“I do not know how the 1984 study conducted its search, so the discussion on this point would be moot until that was known.”——-A quick google search reveals that “McWhirter and Mattison used the friendship network method to identify 156 couples” to study. (www.jstor.org/stable/3812199) This raises more questions about the validity of the study’s findings. It actually found that in gay society in 1984 (when the ability of a gay person to form a committed relationship was considerably more difficult than it is today), among a group of friends of friends, gay couple sex lives eventually got stale, and partners in gay couples started to have sexual encounters outside their relationship. It does not take a genius to know that the social ability to form a gay couple in 1984 was excessively difficult, and obviously much more difficult than the social abilities of straight couples.

  156. Matt
    January 15th, 2011 at 10:56 | #156

    The claim that the “pro-marriage” advocates are not anti-gay melts away when you look at their actions. Take Minnesota, for example. With Republicans in charge, they are preparing a constitutional amendment not only to ban marriage, but also to ban civil unions. Religious conservatives opposed gays serving in the military. They have traditionally opposed laws prohibiting employment discrimination. They advocated preservation of laws criminalizing gay intimacy. In short, they have supported ANYTHING anti-gay that they can get away with. And what’s worse, the scorched earth approach of National Organization for Marriages involves serial challenges to public disclosure laws (which benefit society). Love the sinner, hate the sin is a hollow talking point. By the Biblical measure, “by this shall all men know you are my disciples, if you have love one to another,” the “pro-marriage” crowd is anything but identifiable as a group of Christ’s disciples. The rhetoric, the lovelessness, the disgust, used when speaking about gays, and the anything-goes approach to campaigning against gay marriage is short-sighted, not Biblical, and leaves a great many feeling like Christians are mean-spirited homophobes. And how can you blame people when you look at the incredulous radio and TV commercials put out by groups like NOM.

  157. January 15th, 2011 at 12:25 | #157

    Alex said:

    “The issue is the impact of the sexual intercourse, not the marriage. There are laws against intercourse between brothers and sisters to avoid there being a potential victim. The reason for laws against incest are to prevent the sexual act. Remember, it is sex that produces children, not marriage.”

    But marriage ALWAYS allows sex, and therefore procreation. Marriage must not become stripped of the right to procreate, it must continue to approve and affirm the right to procreate. When I get married, I want to feel the same approval of the state and everyone in society of my wife and I producing offspring, nine months from now, with our own genes, that every single marriage has enjoyed since the beginning of formal marriage. I don’t want that withheld, or told that I already had all the approval I was gonna get, I want real official grown-up adult same-as-everyone-else approval to go ahead and start procreating, immeditaly upon saying I Do to the vows and being declared man and wife.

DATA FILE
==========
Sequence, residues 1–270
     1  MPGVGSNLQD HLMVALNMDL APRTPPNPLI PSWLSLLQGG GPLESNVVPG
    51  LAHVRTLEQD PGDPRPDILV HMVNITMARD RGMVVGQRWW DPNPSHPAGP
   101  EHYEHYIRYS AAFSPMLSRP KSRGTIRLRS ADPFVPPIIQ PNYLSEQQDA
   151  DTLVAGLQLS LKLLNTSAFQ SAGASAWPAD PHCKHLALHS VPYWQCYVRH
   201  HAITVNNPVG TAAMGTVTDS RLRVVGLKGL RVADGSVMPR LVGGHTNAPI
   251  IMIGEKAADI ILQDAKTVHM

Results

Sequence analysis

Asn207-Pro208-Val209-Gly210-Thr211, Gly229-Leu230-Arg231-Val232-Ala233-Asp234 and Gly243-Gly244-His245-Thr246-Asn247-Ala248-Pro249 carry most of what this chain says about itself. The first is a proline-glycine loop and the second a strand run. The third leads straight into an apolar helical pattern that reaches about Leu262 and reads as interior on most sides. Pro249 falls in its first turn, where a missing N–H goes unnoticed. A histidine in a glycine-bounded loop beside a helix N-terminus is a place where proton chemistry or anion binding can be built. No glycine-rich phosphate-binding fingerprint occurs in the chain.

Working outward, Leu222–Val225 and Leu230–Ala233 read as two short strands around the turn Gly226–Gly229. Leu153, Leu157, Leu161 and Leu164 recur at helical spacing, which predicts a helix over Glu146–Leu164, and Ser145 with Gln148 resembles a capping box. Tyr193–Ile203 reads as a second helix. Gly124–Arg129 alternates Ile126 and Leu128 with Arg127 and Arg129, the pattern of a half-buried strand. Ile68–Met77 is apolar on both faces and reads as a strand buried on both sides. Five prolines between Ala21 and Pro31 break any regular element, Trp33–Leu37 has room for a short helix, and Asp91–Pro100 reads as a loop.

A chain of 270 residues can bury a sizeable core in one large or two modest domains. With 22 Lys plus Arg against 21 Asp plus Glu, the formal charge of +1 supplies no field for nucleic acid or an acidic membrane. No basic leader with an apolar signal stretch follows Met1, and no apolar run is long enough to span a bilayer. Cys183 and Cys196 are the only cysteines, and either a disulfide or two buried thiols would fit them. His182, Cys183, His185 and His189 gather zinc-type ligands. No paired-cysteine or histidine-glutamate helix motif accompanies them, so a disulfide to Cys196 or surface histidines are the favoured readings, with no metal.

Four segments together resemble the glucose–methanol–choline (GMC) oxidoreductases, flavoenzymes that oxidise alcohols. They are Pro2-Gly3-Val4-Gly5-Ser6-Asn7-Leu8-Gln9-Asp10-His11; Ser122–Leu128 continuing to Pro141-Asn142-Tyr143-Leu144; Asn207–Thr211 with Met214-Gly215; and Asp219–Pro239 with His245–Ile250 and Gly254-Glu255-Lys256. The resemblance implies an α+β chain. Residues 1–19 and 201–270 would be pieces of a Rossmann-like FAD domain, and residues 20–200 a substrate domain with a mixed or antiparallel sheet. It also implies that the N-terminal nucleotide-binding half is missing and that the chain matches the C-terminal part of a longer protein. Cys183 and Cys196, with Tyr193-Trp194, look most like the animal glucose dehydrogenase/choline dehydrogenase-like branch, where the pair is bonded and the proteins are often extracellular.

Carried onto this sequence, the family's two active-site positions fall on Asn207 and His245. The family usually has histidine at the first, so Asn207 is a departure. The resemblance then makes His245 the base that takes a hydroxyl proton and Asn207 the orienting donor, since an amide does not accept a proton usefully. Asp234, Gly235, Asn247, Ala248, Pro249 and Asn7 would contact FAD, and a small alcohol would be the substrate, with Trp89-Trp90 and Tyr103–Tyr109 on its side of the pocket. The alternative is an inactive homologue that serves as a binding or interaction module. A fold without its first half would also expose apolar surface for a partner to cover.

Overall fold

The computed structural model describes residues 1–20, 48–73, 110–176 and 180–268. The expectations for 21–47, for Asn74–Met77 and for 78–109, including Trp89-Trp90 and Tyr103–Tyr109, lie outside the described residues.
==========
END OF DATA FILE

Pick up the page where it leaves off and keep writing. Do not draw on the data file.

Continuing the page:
When I pointed out that Lawrence v Texas affirmed that marriage is, at minimum, “about the right to have sexual intercourse” means that it is about the right to procreate, you objected that sex doesn’t necessarily lead to procreation. No duh (and in the future, if you think you have refuted an argument by stating an obvious fact that the person probably is aware of, then perhaps you aren’t understanding the argument or aren’t addressing it in a good faith way): sex doesn’t always result in procreation, but allowing sex means allowing procreation because sex often does lead to procreation. If we weren’t fine with procreation, then we wouldn’t tell people to go ahead and have sex. And Saletan seemed to think that we could allow sex but then require that pregnancies be aborted, but that’s not good public policy, nor is mandatory contraception, which might not work. And those would both be unacceptable changes to marriage, if marriages could be forced to abort or use contraception. Terrible changes. Marriage must always approve of procreation. We should never approve of someone procreating with a sibling or with someone of the same sex.

  158. January 15th, 2011 at 12:41 | #158

    @Matt
    “Take Minnesota, for example. With Republicans in charge, they are preparing a constitutional amendment not only to ban marriage, but also to ban civil unions.”

    I’ve looked at that amendment, and it is another one that would allow CU’s as long as they did not give the essential rights of marriage. So, they’re another state that should define them as “marriage minus conception rights” and then they’d be recognized by the federal government as if they were marriages when the Egg and Sperm Civil Union Compromise is passed, which would also affirm that all marriages must protect conception rights and prohibit non male-female conception, thereby stopping same-sex marriage in every state and preserving it as a man and a woman.